Despite the errors, the checksum value happens to be correct, resulting in a false assumption that the packet is valid (Source: Brief)

Real checksum functions, such as CRCs, are of course much better implemented than the one in our example – but in extremely rare cases, such problems may occur.

Notice that using this kind of method, error detection, we don’t know where the problem occurred, but only whether the frame is valid or not. If the checksum value is invalid, we assume that the frame is invalid and drop it.

What is Error Correction?

As mentioned earlier, detection is not the only way to handle errors. Another approach might be to find the error and correct it. How can we do that?

An extremely simple way would be to transmit the data many times – let’s say, three times. For example, the stream 5551234567 would be transmitted as follows:

Sending the same data multiple times (Source: Brief)

So we basically sent the data three times.

Now, in case of an error in one digit, the receiver can look at the other two digits, and choose the one that appears two times out of three.

So, for instance, if we had a problem and 2 was replaced with an 8, the receiver would get this stream:

An error in one of the occurrences of the data (Source: Brief)

Now, as a receiver, you can say: “I have 2, 8, 2… so it was probably 2 in the original message”.

Is this problematic? Well, in some rare cases, we might get the same error twice. So it is possible, even though unlikely, that two of the original twos have been received as eights.

So while the sender sent this stream:

Sending the same data multiple times (Source: Brief)

The first 2 was mistakenly read as an 8, and also the second 2 was received as an 8:

Two identical errors; Rare, but possible (Source: Brief)

Now, it looks as if the original message included an 8, and not a 2.

What can you do in order to lower the probability of such scenario?

The most simple solution would be to simply send the data even more times. Let’s say, five times. So now we duplicate all the data, and send it 5 times in total…

Sending the data five(!) times (Source: Brief)

Now, say that two errors occurred, and again two of the 2 digits were replaced with 8s.

Two identical errors; Rare, but possible (Source: Brief)

Clearly, it is very unlikely to get the same error twice, but even in this case, we still get 2 three times, so as the receiver you can tell, with a high probability, that the original message contained a 2, rather than an 8.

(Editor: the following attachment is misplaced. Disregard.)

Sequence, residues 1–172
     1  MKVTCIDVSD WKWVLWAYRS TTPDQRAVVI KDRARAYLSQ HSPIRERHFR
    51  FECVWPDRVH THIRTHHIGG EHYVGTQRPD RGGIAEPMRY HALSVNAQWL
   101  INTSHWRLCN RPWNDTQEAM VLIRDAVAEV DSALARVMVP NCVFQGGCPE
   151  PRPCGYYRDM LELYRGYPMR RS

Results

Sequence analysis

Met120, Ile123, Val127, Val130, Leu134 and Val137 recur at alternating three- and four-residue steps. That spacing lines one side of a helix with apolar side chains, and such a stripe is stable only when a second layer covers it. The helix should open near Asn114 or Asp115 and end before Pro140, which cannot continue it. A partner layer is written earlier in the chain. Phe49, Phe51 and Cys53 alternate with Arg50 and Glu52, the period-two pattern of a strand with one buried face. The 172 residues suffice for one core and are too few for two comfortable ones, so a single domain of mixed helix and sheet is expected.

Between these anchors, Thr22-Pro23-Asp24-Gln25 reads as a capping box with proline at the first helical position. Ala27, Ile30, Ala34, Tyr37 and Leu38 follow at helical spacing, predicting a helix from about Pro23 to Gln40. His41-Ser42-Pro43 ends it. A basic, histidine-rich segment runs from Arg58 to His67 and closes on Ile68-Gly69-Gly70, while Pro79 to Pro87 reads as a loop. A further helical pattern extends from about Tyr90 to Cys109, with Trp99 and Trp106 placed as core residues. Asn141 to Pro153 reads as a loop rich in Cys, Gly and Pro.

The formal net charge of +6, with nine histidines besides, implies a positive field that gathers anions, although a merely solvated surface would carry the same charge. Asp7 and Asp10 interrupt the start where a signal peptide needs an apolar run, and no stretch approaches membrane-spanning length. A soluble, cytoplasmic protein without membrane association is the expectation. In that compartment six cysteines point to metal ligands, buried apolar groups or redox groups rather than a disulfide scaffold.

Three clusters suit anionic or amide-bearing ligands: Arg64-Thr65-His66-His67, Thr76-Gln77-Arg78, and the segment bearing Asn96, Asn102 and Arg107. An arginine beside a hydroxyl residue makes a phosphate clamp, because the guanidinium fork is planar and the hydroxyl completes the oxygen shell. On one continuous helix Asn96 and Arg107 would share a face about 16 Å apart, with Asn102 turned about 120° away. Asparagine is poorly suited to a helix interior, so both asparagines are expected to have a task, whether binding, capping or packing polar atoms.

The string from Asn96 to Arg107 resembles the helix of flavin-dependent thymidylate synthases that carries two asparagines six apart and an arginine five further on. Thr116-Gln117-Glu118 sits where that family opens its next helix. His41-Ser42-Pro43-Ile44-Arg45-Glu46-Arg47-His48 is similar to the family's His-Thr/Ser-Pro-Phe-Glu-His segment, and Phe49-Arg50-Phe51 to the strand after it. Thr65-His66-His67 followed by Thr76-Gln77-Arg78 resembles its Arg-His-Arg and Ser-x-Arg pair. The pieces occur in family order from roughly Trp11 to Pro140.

What's the Overhead?

Now would be a good time to introduce the term overhead. When we say overhead, we basically mean data or time needed to convey the actual message. Let’s first understand what this term means in general, and then consider it in the context of handling errors.

Let’s say that I have a lesson to teach in my university. My goal is to teach the lesson itself, which is also called the payload in that context – that is, the actual data or message I would like to convey.

In order to teach the lesson, or to convey the payload, I first have to physically get to the university – so I get out of my home, walk to the bus station, wait for the bus, take the bus, get off the bus, walk to the building, wait for the lesson to start – and only then do I actually get to teach the lesson.

This entire process is overhead that I have to pay in order to deliver the payload, in this case – to teach the lesson.

Overhead and Payload are two extremely important terms in Computer Networks (Source: Brief)

The same applies in computer networks. Our payload is the data, and there is always some overhead associated with sending it.

Back to Handling Errors

In the context here – sending the data three times, as suggested earlier, means that for every byte of payload we have two bytes of overhead. If we send the data five times, then for every byte of payload, we have four bytes of overhead. That’s a LOT!

Consider error detection, on the other hand. In our example protocol for sending phone numbers, how much overhead did we have?

Recall that for every ten-digit phone number, that is ten bytes, we included a two-digit checksum value. In other words, we had two bytes of overhead for ten bytes of payload. It is clear that in our example, error detection yields much smaller overhead in comparison to error correction.

In the sample protocol, for every ten-digit phone number (ten bytes of payload), we included a two-digit checksum value (two bytes of overhead) (Source: Brief)